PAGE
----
Irma Vep and The Rehearsal Shared via Devika Girish at Film Comment: “This week’s podcast initially began as a sequel to our episode about Irma Vep from a few weeks ago, in which Adam Nayman and Beatrice Loayza joined us to discuss Olivier Assayas’s new HBO series. We had only seen four episodes at the time, and we wanted to reconvene our guests for a follow-up, now that the miniseries has finished its eight-episode run. But as we dug into the film-within-a-film rabbit holes of Irma Vep; its commentaries on auteurism and autofiction; and how it blurs the lines between reality, narrative, and fantasy, we realized that it echoed the themes of another series everyone has been talking about recently: The Rehearsal, starring writer/director/creator Nathan Fielder. So this episode brings you a double dose of meta: Irma Vep and The Rehearsal, and the ethics of making movies about oneself, other people, and moviemaking itself.”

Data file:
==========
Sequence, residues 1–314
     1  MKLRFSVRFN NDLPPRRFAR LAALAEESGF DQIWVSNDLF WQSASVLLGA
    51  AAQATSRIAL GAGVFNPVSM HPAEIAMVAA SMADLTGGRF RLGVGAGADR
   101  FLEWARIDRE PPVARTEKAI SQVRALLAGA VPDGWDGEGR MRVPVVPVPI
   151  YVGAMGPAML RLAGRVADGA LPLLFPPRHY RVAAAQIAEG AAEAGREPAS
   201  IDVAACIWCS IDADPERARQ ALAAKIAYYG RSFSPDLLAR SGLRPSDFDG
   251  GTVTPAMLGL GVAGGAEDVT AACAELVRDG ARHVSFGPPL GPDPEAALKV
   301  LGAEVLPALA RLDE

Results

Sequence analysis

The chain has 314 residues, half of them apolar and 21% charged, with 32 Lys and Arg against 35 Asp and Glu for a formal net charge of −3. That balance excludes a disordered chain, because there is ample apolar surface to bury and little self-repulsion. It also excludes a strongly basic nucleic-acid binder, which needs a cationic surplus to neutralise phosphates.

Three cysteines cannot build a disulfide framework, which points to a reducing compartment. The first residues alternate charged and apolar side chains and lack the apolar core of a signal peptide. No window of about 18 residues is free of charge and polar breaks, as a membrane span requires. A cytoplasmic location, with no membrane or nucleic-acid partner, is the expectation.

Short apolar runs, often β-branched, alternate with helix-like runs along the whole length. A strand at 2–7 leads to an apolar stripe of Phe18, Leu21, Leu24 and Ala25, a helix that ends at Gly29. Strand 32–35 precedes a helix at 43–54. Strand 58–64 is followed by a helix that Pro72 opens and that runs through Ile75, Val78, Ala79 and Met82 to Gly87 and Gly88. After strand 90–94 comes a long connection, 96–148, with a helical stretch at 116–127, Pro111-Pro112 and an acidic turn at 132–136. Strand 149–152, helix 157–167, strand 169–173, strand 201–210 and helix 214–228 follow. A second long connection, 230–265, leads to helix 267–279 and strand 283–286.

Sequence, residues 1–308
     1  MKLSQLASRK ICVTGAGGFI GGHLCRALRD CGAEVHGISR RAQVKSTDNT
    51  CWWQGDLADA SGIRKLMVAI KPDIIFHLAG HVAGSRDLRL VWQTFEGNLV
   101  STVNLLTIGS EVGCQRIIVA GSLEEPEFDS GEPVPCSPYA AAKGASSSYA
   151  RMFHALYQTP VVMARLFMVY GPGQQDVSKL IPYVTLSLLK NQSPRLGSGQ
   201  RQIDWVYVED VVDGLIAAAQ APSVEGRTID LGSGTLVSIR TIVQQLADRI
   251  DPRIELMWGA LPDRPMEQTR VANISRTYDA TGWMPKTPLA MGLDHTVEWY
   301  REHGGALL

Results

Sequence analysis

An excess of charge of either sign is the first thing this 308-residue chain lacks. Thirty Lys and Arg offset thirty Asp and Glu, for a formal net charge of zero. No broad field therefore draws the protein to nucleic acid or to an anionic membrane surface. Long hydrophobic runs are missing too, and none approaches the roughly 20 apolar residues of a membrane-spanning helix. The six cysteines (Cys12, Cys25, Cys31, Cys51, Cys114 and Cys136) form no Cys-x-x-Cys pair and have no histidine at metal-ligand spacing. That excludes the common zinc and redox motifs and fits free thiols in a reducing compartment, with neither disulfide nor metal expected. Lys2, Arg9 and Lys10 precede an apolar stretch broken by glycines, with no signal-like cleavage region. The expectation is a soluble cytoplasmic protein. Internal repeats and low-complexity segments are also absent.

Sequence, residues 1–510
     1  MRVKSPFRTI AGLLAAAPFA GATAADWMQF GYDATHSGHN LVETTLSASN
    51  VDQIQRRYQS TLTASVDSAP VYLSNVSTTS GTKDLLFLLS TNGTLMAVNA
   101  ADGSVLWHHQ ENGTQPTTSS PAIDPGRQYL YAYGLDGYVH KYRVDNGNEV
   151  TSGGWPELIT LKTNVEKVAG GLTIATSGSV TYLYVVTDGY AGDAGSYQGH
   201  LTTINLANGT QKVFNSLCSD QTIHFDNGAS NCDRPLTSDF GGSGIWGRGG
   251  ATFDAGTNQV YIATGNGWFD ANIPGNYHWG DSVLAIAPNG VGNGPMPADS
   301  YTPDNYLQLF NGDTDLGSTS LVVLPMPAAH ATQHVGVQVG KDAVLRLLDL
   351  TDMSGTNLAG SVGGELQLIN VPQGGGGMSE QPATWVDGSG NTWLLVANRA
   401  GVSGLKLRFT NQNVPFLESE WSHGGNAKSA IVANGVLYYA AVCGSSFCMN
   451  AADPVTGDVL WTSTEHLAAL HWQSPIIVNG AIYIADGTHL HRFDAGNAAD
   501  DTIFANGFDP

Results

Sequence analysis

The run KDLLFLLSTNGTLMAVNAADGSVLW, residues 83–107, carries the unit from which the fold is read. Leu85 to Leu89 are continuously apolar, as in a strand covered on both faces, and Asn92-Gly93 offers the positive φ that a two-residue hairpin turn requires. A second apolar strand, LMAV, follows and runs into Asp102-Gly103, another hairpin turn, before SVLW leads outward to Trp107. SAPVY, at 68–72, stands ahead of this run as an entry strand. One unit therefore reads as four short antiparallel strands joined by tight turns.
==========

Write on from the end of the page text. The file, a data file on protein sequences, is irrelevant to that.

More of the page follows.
8 Ways to Teach With Short Documentary Films From The Times Jeremy Engle writes in The New York Times: “Death metal-singing grandmothers. Gravity-defying dancers on nine-foot stilts. The dangers of 'sharenting.' Coming-of-age with autism. What really happened at Stonewall. The whereabouts of smooth-voiced, permed-haired Bob Ross’s vast collection of lost paintings. These are just a few stories and themes we have explored in our weekly Film Club since it began in 2015. Every Thursday during the school year, we feature a short documentary film from The New York Times and a set of five open-ended questions intended to encourage thoughtful and honest dialogue, either in your classroom or in the comments section. These films — drawn from Times Video series like Op-Docs, Modern Love, Diary of a Song and Conception — offer viewers an intriguing and unique perspective of the world and ask students to think deeply about themes like ethics, human rights, gender identity and scientific discovery. And each one is typically under 12 minutes. As with other short texts like stories, poems and articles, mini-documentary films can stimulate discussion, debate, thinking and writing. And, they can serve as a refreshing break from print media to help students explore curriculum themes and practice important literacy skills. You might use Film Club weekly in your class as a tool for regular writing and discussion. Or, if you’re looking for specific ways to make short documentaries a part of your curriculum, below, we present eight ideas for teaching with the series. For each topic, we suggest several films to watch, questions for discussion and activities to go further.”